Anti-cancer effects of iodine
In addition to functioning as an antioxidant, anti-inflammatory, and antiproliferative agent, iodine also has the ability to induce apoptosis and differentiation in cancer cells. The reactive oxygen species of singlet oxygen, superoxide anions, hydrogen peroxide and hydroxyl radials have a wide range of cellular and molecular effects, resulting in mutagenicity, cytotoxicity, and alterations in gene expression. Molecular iodine (I₂) can function as a scavenger and antioxidant that neutralizes various ROS that are known to be cytotoxic and implicated in the development of cancer (3).
Molecular iodine (I₂) inhibits cell proliferation and induces apoptosis in cancer cells through a direct mitochondrial effect and an indirect effect through iodolipid generation. Through its oxidant/antioxidant properties, molecular iodine (I₂) can directly dissipate the mitochondrial membrane potential, triggering mitochondrion-mediated apoptosis in cancer cells without affecting the mitochondria of normal tissue (3).
Fig 2. Anti-cancer effects of iodine associated with mitochondria and PPAR gamma.
Credit: Aceves C, Mendieta I, Anguiano B, et al. Molecular iodine has extrathyroidal effects as an
antioxidant, differentiator, and immunomodulator. Int J Mol Sci. 2021; 22(3):1228.
In the presence of high levels of arachidonic acid (AA), molecular iodine (I₂) induces the formation of 6-iodolactone (6-IL), which is an iodinated derivative of AA. AA is a polyunsaturated free fatty acid present in the membrane phospholipid layer of all mammalian cells. Tumors contain a significantly higher concentration of AA, and when treated with molecular iodine (I₂), 6-IL greatly increases. It is proposed that the increase in 6-IL indirectly contributes to the antiproliferative and apoptotic effect of molecular iodine (I₂) (3, 11).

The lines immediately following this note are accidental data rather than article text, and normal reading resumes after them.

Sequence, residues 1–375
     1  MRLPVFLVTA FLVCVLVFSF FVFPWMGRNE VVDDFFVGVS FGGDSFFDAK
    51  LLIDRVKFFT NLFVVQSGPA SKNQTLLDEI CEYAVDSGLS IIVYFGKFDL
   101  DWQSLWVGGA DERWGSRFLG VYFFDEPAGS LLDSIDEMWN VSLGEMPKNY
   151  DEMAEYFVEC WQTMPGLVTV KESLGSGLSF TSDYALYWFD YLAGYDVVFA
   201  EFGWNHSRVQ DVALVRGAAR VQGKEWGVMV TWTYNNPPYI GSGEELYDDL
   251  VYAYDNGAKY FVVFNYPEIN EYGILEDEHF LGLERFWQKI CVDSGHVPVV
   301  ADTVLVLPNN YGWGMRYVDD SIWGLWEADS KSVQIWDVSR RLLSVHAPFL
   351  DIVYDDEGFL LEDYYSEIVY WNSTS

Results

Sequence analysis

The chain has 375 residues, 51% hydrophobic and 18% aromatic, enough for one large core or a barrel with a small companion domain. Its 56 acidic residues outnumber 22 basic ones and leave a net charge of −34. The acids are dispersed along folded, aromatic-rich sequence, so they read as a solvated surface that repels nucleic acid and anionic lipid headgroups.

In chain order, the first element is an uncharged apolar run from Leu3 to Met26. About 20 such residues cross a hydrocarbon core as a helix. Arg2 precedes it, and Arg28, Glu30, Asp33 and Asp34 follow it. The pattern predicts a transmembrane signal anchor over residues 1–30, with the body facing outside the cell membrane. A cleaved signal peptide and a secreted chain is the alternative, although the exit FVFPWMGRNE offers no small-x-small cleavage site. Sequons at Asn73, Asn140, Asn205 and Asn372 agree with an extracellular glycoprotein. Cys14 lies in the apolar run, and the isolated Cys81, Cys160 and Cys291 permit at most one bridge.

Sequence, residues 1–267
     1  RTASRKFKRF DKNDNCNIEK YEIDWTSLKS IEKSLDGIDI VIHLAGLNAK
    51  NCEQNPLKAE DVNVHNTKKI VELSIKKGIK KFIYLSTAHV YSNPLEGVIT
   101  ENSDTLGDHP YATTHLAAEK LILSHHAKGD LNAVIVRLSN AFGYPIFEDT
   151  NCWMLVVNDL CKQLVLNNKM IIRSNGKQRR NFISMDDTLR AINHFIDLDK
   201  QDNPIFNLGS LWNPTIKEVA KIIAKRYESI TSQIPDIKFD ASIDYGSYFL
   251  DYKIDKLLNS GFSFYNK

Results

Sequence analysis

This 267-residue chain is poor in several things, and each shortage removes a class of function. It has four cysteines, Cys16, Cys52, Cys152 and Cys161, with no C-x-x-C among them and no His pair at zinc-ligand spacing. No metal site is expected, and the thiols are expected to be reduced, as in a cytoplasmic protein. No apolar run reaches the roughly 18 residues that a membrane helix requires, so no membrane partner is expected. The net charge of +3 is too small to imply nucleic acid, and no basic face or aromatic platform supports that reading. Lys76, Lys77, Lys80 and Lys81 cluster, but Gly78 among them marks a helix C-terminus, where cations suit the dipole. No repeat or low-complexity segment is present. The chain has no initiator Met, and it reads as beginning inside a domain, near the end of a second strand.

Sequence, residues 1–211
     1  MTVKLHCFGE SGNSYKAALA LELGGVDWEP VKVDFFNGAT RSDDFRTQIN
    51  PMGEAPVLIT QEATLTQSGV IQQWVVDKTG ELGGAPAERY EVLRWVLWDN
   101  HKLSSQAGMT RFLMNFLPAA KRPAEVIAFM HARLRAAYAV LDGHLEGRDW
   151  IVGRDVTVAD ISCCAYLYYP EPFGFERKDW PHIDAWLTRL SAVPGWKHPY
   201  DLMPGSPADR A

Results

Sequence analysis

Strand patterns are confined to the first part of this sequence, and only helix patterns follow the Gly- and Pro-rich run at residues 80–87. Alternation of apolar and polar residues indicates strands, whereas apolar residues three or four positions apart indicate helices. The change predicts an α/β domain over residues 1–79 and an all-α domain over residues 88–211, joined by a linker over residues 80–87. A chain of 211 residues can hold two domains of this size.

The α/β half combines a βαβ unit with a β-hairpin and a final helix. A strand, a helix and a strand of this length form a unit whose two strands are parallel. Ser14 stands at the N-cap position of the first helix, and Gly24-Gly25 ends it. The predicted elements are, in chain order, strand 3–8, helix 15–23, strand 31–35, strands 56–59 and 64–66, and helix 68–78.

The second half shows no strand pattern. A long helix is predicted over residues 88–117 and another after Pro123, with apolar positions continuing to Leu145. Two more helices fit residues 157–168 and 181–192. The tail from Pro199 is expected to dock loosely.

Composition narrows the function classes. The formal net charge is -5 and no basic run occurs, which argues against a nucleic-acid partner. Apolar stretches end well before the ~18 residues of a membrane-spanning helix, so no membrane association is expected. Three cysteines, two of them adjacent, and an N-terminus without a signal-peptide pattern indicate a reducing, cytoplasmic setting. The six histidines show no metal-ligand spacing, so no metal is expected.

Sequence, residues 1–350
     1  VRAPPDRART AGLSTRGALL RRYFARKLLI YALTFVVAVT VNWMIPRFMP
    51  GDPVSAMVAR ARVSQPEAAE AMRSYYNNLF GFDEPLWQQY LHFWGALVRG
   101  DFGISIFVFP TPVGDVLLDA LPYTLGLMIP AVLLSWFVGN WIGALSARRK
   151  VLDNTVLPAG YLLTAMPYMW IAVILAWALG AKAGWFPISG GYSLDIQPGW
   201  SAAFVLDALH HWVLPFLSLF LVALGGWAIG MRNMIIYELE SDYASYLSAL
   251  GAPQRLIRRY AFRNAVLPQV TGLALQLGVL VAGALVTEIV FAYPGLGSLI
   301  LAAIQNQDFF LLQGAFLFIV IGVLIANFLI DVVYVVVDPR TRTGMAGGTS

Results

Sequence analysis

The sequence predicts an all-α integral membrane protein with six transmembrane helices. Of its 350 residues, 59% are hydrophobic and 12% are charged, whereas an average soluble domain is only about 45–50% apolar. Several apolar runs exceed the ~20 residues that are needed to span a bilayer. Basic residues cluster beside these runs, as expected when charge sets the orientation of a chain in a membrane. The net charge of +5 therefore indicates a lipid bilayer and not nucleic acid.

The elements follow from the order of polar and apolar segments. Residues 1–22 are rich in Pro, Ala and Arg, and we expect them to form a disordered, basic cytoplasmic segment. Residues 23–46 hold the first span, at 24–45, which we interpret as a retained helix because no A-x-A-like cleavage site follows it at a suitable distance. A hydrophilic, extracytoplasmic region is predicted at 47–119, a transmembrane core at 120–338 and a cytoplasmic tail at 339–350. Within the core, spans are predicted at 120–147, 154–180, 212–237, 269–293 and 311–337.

Additionally, 6-IL has a high affinity for peroxisome proliferator-activated receptor gamma (PPARγ). PPARs are nuclear transcription factors that regulate cancer cell proliferation in addition to their classical role in maintaining lipid and glucose homeostasis (11). PPARs exist as three substrates, with PPARγ having the highest affinity for IL-6. AA is a natural ligand of PPARs, meaning that it binds readily to this receptor. When molecular iodine (I₂) promotes the formation of 6-IL in the presence of AA, 6-IL will bind to PPARγ with an affinity six times higher than AA. The binding of 6-IL to PPARγ results in a regulating effect on cancer cell proliferation (11). In a preliminary clinical study of 22 women with breast cancer, those who received 5 mg/day of molecular iodine (I₂) rather than placebo showed an increase in PPARγ expression, increased apoptosis, and decreased proliferation of cancer cells (12).
Iodine and breast health
Iodine concentrates in many extrathyroidal tissues and has particular anti-tumorigenesis effect in mammary, prostate, pancreas, lung, and nervous system tissue. These tissues exhibit the specific ability to take up molecular iodine (I₂) and promote apoptosis through the induction of PPARγ. Molecular iodine (I₂) and 6-IL have been studied in the treatment of several types of tumor cell lines, showing a suppressive effect on the development and size of both benign and cancerous neoplasias (3, 13).